PANCREATIC ISLET TRANSPLANTATION
Pancreatic islet transplantation is an experimental treatment that is currently under clinical trial in the US for type 1 diabetes. The process involves doctors taking islets with healthy beta cells from the pancreas of an organ donor. The healthy islet cells are then injected into a vein that carries blood to the liver of a recipient. These islets begin to make and release insulin in the recipient’s body. More than one injection of transplanted islet cells is often needed to stop using insulin.
Not all people with type 1 diabetes are good candidates for islet transplantation. Certain people with type 1 diabetes who have blood glucose levels that are difficult to manage, experience severe hypoglycemia and have hypoglycemia unawareness, a dangerous condition in which a person cannot feel or recognise the symptoms of hypoglycemia, may be candidates. People who have type 1 diabetes and have had, or are planning to have, a kidney transplant to treat kidney failure may also be candidates. Doctors consider people for islet transplantation if the possible benefits, such as being better able to reach blood glucose targets without problems such as hypoglycemia, outweigh the risks, which includes the possible side effects of immune-suppressants. Immuno-suppressants are medication that recipients must take to prevent their immune system from attacking and destroying the transplanted islets. Kidney transplant patients already take immuno-suppressants and therefore, the risk of islet transplantation is not higher for them.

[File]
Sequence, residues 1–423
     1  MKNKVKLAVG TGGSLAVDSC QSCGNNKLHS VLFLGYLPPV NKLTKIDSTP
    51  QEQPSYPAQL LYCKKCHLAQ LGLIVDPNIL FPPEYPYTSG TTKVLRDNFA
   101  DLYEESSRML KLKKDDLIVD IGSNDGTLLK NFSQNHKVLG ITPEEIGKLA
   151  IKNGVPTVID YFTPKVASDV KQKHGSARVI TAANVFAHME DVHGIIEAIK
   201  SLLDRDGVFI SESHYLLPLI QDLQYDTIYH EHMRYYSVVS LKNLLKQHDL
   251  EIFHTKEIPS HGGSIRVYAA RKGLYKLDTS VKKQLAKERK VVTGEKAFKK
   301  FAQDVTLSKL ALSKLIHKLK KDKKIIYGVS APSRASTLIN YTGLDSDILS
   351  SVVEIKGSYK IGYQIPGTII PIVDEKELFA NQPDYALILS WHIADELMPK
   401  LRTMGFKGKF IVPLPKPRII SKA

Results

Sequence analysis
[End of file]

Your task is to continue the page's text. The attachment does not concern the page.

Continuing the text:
The possible benefits of pancreatic islet transplantation include improved blood glucose levels, lesser or no need for insulin injections to manage diabetes, fewer or no episodes of severe hypoglycemia and improved awareness of hypoglycemia, which helps prevent episodes of severe hypoglycemia.
Doctors treat diabetes with a variety of medication. Insulin is commonly used as the main treatment for type 1 diabetes. It replaces the hormone that the body is unable to produce.
Beyond the innovative products and procedures that can help to ease the burden of diabetic patients in the future, dealing with present everyday struggles of diabetes is a harsh reality. We need to continue doing the best that we can to combat this disease. This includes:
• Urging people you know who are older than 45 or at risk of diabetes to get a diagnostic blood test;
• Talking to your doctor about your results and what it might mean for your diabetes management and/or blood glucose control;
• Eating healthy carbohydrates, such as fruit, vegetables, and whole grains. This is essential for living well with diabetes as it provides important vitamins and minerals that your body needs;
• If diagnosed with diabetes, strive for excellent control of blood glucose, blood pressure, and blood lipids early on. If you have had diabetes for years and less-than- tight control, it is never too late to improve now;
• Cut down on processed foods, restaurant foods, and using the saltshaker. Blunt sodium’s effects on your blood pressure;
• Lose some weight (5-10kg) early in the course of type 2 diabetes. Keeping it off can improve blood glucose control and prevent or delay heart disease; and
• Take a very active role in managing your diabetes